Christian Meditation

Meditation is a practice often shunned by Christian circles.

I understand nonetheless as the common perception of meditation has been hijacked by various religions and practices.

Claiming to be an expert on these religions meditative practices would be an ignorant move on my part; however, I do know something.

They are quite different from the meditation that the Bible discusses.

An example of this would be when Buddha wrote,

“The mind is everything. What you think, you become.”

I can assure you that this entire quote is a fallacy.

At one point in time, I heard that Christian meditation is not the emptying (or even the calming) of the mind. It is the filling on the soul with His Word.

The mind is not everything. It is a tool. Honing it to it’s greatest capacity is impossible without the power of the Holy Spirit and God’s Word.

When our minds are renewed and we repent (change our minds) of our past thoughts and habits, we begin to see the will of God clearly laid out through His Scripture.

Romans 12:2 tells the Christian,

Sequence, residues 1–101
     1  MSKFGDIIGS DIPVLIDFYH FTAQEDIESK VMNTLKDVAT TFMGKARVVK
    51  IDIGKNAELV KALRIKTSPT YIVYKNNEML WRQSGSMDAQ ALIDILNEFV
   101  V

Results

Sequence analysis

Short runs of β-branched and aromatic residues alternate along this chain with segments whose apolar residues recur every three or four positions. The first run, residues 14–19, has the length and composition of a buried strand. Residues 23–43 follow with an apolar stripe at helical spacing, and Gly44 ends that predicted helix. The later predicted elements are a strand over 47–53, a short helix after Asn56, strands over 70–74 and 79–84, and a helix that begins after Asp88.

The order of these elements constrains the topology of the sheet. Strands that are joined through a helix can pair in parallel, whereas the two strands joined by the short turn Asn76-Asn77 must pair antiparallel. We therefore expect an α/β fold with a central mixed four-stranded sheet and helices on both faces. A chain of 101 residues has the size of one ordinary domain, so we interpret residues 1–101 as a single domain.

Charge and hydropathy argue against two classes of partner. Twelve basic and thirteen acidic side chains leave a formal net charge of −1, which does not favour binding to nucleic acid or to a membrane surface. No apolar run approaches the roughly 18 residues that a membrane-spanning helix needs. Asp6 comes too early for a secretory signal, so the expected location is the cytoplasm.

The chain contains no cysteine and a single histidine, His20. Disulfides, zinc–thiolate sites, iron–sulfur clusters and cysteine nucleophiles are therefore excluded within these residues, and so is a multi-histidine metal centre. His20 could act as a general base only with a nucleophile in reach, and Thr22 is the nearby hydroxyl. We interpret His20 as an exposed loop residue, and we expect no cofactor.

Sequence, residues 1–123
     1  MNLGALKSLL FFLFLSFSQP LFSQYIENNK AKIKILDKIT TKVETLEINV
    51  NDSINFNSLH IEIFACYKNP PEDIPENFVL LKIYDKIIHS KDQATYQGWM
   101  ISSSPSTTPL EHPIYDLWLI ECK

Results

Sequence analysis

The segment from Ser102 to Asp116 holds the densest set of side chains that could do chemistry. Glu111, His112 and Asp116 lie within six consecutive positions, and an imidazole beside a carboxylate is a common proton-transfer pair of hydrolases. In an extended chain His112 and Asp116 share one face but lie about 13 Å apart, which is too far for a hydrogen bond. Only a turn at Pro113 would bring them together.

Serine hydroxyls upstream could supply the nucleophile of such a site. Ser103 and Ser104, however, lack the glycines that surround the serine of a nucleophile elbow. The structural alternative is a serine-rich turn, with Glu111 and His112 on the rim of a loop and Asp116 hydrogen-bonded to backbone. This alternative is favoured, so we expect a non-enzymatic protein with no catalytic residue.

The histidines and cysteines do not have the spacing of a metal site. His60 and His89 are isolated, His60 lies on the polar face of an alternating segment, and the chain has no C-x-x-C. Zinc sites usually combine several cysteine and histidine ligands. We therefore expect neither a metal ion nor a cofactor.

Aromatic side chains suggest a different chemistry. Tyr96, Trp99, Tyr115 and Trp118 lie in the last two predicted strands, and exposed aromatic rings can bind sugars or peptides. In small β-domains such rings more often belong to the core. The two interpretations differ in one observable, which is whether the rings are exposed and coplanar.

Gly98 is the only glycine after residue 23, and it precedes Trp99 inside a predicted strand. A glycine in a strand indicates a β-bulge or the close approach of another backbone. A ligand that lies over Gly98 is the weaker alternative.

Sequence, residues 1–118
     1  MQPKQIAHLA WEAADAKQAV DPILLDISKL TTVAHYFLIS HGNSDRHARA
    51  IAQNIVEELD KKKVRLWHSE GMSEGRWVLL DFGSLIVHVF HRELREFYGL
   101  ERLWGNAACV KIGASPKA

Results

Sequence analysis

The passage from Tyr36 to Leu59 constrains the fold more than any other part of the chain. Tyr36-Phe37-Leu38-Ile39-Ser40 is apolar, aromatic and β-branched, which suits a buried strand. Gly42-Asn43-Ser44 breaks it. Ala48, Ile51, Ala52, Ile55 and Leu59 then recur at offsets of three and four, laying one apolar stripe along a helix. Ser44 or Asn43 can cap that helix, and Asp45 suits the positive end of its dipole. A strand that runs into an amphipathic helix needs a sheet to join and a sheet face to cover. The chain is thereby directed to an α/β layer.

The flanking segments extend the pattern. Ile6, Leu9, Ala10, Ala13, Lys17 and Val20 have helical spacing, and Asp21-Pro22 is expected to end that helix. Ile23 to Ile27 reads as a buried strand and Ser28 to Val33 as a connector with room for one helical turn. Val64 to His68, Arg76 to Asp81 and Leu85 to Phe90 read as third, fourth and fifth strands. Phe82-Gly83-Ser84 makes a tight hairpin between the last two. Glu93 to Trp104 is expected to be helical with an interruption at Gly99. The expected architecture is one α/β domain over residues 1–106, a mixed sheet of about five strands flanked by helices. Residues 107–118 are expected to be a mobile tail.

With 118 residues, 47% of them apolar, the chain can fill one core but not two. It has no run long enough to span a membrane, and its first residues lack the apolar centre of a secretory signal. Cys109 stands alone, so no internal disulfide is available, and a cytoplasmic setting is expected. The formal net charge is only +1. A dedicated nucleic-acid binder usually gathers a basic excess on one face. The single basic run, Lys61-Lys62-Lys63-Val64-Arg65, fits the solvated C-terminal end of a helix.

“And be not conformed to this world: but be ye transformed by the renewing of your mind, that ye may prove what is that good, and acceptable, and perfect, will of God.”

When it comes to meditation, the Scriptures (especially the Psalmist) almost always align meditation with God’s Word and reflection on His wonderful works.

It calls for remembrance of the absolutes of our faith and the things that God has, is, and will do on Earth and in Heaven.

It is in this heart, that David writes, I will meditate in thy precepts, and have respect unto thy ways” (Psalm 119:15).

In a similar manner, Paul urges Timothy to focus and fill His mind and soul with sound doctrine.

He states in 1 Timothy 4:13-15,

“Till I come, give attendance to reading, to exhortation, to doctrine.

Neglect not the gift that is in thee, which was given thee by prophecy, with the laying on of the hands of the presbytery.

Meditate upon these things; give thyself wholly to them; that thy profiting may appear to all.”

Saying this, meditation has inner benefits; however, it’s purpose comes alive when “profiting may appear to all”.

When we are built up in the Word of God, we have a responsibility to overflow and edify the Body of Christ through it.

This is the intention when one refers to Christians as stewards of the Word.

In 1 Corinthians 4:1 Paul exclaims,

“Let a man so account of us, as of the ministers of Christ, and stewards of the mysteries of God.”

So lets be that!

Stewards who meditate on the Word of God, day and night (Psalm 1:2).

Taking in all the things that edify our soul and the Body of Christ, instead of suppressing our minds in hope that suppression will lead to revelation.

We have all the revelation we ever need in the 66 book love letter that God wrote for man.

We hope this messages enriches!

God bless!

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